FIt is not enough to understand the six operating parameters that exist within any foodservice operations. Rather, it’s equally important to know how they relate to one another.
Processes and procedures are very much intertwined with the people that actually execute them. At first glance, this may seem rather fundamental but there's more to it than meets the eye. That's because, while easier said than done, it's very important to balance the employees' capabilities – both mentally and physically – with the actual work they have to perform to deliver the brand promise. Any good foodservice design includes processes and procedures that are easy-to–follow and optimize the physical and cognitive aspects of the job.
Failure to balance employee capabilities with what the foodservice concept aims to deliver will result in an internal conflict that can compromise the customer experience and impede an operation's ability to generate that much-sought- after repeat business. The conflict can manifest itself in several ways, including lower food quality, service level or other areas of the experience.
Another important operating parameter is the place, or the facility layout, along with the work stations. One goal of any foodservice design is to create an environment that makes it easier for the employee to perform the duties that comprise their work content. This includes the way they use the foodservice equipment and related technology – also known as the platforms, another one of the operating parameters – to deliver the customer experience.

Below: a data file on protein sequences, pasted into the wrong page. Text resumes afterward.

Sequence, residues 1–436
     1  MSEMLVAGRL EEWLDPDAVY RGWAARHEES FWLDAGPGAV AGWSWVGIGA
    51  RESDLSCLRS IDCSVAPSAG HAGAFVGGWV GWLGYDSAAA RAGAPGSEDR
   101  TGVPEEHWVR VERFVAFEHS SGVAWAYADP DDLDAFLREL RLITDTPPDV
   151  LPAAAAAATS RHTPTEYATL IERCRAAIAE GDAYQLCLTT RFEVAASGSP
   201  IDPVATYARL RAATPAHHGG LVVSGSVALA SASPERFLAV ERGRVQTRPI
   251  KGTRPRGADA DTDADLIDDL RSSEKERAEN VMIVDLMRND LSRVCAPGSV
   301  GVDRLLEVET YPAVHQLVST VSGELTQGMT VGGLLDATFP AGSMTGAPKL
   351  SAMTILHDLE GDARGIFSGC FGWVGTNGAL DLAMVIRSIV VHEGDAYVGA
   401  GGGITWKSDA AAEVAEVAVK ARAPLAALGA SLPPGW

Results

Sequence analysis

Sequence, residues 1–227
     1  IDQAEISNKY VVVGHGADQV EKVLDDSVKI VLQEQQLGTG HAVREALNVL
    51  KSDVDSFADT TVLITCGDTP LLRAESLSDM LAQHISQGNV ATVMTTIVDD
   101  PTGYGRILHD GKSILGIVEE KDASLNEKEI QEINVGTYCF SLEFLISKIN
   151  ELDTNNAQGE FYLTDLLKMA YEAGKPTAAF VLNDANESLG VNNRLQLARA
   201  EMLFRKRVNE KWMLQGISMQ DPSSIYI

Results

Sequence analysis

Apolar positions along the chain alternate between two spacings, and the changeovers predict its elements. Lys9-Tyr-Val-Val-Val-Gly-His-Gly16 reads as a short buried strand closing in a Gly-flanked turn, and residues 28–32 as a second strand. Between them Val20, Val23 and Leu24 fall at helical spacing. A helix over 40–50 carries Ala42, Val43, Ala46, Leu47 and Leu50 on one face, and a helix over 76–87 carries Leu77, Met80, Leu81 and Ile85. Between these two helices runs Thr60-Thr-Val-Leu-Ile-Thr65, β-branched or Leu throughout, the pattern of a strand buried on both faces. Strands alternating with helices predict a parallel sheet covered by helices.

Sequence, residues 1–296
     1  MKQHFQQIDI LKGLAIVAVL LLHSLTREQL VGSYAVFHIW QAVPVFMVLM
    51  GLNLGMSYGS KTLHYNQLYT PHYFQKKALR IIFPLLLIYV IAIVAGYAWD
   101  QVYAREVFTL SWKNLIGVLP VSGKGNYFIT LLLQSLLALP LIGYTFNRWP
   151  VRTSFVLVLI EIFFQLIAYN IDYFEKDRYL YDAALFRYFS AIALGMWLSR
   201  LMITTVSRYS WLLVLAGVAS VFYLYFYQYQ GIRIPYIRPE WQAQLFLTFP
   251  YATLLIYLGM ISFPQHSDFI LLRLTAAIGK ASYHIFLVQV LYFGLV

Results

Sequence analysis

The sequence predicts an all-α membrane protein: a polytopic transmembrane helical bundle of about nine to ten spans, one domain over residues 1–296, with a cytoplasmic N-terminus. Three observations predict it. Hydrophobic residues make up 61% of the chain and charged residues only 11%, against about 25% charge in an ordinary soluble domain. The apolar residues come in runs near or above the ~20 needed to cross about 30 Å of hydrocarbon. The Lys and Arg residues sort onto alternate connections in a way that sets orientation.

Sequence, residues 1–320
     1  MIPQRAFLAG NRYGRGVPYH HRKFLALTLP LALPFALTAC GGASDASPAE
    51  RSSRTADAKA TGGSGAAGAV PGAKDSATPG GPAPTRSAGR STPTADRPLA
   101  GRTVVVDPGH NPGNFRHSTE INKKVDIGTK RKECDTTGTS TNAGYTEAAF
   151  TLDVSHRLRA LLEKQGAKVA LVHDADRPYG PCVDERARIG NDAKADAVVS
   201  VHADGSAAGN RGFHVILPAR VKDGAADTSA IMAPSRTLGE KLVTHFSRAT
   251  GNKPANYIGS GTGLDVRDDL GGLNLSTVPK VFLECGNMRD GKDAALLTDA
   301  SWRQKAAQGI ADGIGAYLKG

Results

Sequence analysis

Equipment platforms can be great enablers of simplification and efficiency, as well as the quality of the experience and hospitality delivered to the customers. The key is to apply these platforms in an optimum arrangement and synergy with the other previously mentioned parameters; processes & procedures, people and place.
And as more concepts look to differentiate themselves from the competition, products and promotions represent a very critical factor in an operation's success. I would submit to you that during recent years, a significant number of foodservice operators have added menu items without deleting any of their older, slower movers.
Although it is very important to add menu items so the concept remains relevant and fresh in the eyes of the customer, it is equally as important to delete some to rebalance and simplify the operations. Doing so allows the crew to continue to deliver an optimum experience. Of course, not many foodservice operators seem willing to delete some out-dated or poor selling menu items.
Just like products, any planned promotion requires careful evaluation to make sure it fits well within the existing operating set up and with the mainstream of existing products and align with the flow of the existing production. In other words, a promotion that's too successful can fall out of synch with the remaining operating parameters and create a poor customer experience.
In my next post I will add a few more thoughts on the topic of products and promotions and discuss some of the considerations to optimally evaluate new products, in order to ensure that these efforts drive both sides of the investment optimization equation; profits and hospitality.